Are your data and IT systems safer hosted by a Managed Serviced Provider or better kept in house?

A growing number of businesses are utilising a Managed Serviced Provider (MSP) for their IT requirements, including cloud space, firewall management and patching.  Our latest article provides advice as to how you can ensure your MSP is protecting your business’s IT assets.

A Managed Serviced Provider (MSP) can be a cost effective and efficient solution for a growing number of IT needs, with on site servers increasingly becoming a thing of the past. Whilst the idea of no significant initial capital expenditure on servers, back up systems, licences and warranties can be an appealing prospect for a business, using an MSP can have its downsides from the perspective that a third party becomes responsible for your IT assets and customer data.

For some, this may be a further appeal, with MSPs offering sophisticated protection against malware, ransomware, hackers and even promising to ensure your data is held in line with GDPR. But in reality, will a large MSP with thousands of customers react in the same way as you do to protect your data in the event of an attack or breach? Will they resolve things as urgently as you need them to?

Things to consider when you use an MSP:

  • What are your contract terms? It’s highly likely in the event of significant downtime, you have agreed that their only liability to you is that you don’t have to pay their storage fees.
  • What would you do if the server on which your data/website/processing is held at the MSP suffered an attack? Do you have a back up at another MSP and can you move your systems with ease to it?
  • Does your MSP update regularly with patches against the latest ransomware? A number of MSPs have recently been infected by the Sodinokibi ransomware variant which exploited a vulnerability in their servers.
  • How easy is your MSP to contact? If your servers went down, could you contact them as easily as your local IT provider and what are your SLAs for fixes?
  • Where is your data actually being held? Is it being held in line with the requirements of your cyber insurance and GDPR compliance?

The answers to these questions should be weighed up against the level of control you have over using your own servers. You would retain control over your own security and in the event of downtime will have more control over the remedial work and how long this takes and it’s prioritisation over other matters.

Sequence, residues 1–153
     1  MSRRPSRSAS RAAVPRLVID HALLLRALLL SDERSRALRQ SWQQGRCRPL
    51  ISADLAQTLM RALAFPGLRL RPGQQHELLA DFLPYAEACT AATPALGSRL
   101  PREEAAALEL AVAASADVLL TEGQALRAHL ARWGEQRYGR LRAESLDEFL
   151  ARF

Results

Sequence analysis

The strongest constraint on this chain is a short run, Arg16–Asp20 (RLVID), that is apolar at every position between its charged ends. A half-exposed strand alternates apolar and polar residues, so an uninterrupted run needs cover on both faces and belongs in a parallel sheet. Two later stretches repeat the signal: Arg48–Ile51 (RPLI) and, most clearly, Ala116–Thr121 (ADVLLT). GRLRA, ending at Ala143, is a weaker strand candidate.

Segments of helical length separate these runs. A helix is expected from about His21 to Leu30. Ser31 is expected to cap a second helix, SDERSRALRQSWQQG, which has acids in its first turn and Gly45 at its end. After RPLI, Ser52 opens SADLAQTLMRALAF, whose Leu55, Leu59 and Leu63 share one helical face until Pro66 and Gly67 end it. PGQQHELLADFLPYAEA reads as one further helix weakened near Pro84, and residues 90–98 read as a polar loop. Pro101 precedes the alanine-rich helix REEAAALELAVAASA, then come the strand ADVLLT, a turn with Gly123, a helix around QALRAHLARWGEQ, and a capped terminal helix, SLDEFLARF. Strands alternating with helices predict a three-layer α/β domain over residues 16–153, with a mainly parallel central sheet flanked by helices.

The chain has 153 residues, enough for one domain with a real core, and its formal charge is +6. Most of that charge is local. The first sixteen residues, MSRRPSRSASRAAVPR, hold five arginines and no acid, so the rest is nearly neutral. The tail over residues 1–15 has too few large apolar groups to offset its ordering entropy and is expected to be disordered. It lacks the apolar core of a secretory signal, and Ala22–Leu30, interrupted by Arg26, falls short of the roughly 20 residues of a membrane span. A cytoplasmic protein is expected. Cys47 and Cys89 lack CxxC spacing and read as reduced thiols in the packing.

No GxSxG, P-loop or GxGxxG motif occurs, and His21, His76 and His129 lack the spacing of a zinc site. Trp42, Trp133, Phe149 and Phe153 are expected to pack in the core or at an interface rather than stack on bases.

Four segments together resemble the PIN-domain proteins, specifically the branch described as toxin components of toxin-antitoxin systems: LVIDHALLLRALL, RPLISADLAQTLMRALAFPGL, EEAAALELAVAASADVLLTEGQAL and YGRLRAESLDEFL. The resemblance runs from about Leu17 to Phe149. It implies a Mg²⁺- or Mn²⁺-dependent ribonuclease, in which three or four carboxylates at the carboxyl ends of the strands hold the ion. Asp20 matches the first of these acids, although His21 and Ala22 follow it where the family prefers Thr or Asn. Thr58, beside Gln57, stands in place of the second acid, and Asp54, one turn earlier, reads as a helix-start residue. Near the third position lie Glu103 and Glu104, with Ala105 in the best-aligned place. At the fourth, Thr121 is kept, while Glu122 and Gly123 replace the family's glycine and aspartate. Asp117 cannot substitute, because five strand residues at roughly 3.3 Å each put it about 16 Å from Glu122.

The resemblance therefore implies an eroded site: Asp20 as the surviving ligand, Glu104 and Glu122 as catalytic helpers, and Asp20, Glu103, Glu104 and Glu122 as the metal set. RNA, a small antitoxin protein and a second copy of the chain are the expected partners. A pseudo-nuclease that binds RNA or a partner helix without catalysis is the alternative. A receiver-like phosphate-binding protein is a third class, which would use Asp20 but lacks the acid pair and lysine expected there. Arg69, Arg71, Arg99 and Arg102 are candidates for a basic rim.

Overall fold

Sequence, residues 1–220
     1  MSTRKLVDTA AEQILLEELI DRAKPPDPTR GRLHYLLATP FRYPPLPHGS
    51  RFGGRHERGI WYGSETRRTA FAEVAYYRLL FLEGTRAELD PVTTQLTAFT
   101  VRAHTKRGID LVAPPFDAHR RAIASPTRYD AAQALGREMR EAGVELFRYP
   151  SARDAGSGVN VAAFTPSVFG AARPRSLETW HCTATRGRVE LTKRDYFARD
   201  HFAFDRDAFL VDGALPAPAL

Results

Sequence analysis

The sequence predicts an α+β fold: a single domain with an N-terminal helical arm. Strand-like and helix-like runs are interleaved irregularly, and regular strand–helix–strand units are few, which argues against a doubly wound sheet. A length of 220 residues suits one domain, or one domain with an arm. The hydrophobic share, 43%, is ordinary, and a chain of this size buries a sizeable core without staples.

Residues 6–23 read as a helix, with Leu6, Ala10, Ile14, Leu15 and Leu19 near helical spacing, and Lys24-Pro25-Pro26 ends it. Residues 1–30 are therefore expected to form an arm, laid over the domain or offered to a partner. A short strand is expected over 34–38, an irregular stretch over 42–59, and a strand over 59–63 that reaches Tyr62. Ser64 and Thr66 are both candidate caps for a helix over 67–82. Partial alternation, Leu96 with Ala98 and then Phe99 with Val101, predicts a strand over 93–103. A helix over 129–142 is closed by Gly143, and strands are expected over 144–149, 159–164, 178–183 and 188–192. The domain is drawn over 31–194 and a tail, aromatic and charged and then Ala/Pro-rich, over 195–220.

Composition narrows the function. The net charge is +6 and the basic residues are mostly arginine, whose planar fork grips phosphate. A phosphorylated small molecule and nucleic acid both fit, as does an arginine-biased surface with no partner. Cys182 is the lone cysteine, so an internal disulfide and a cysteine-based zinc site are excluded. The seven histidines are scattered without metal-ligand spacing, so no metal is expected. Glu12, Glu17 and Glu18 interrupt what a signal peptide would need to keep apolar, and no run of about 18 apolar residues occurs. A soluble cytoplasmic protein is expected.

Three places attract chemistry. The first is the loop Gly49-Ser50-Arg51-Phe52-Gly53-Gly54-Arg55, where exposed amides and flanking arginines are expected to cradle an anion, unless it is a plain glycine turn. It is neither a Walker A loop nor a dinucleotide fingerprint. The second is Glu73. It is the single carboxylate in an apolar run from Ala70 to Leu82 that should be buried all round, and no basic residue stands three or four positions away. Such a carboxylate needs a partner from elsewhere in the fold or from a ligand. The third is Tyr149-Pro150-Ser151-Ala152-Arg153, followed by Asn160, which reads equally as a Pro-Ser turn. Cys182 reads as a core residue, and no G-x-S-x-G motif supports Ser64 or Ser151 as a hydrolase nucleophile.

There is no question that MSPs serve a valuable purpose for businesses in terms of expenditure and maintenance of hardware, however it is a dangerous misconception that if your data and systems are held elsewhere that these systems aren’t as vulnerable to attacks as your own servers. Similarly, as a business you are still as responsible for losses of and breaches to personal data held on a server at an MSP than you are for it held at your own office and you would need to report this to the ICO in the same manner.

Cyber and Data Insurance can provide protection for losses arising from MSPs as a result of ransomware, malware or hacking. A Firth & Scott client who utilises a global, well known MSP for their e-commerce website suffered a loss as a result of malware being injected to the MSP’s host server. The MSP shut the server down as a precaution and our client had no website for two days whilst they moved to another provider. The MSP provided no information initially as to the cause of the server being down, but their Cyber insurers still provided assistance in case it transpired to be a cyber incident and helped them discover the cause of the loss. Within a month of the attack, our client received a settlement of £25,000 for the loss of profits in the 2 days they were without their website. Fortunately, there was no breach of data which needed to be notified to the ICO, however this would also have been insured.

Cyber and Data risks are undoubtedly the most growing area of risk in insurance, yet there is still very little awareness of the protection you can obtain for your business. Please do not hesitate to contact Stevie Jeffrey or Steve Allwright to discuss this further if you have any concerns.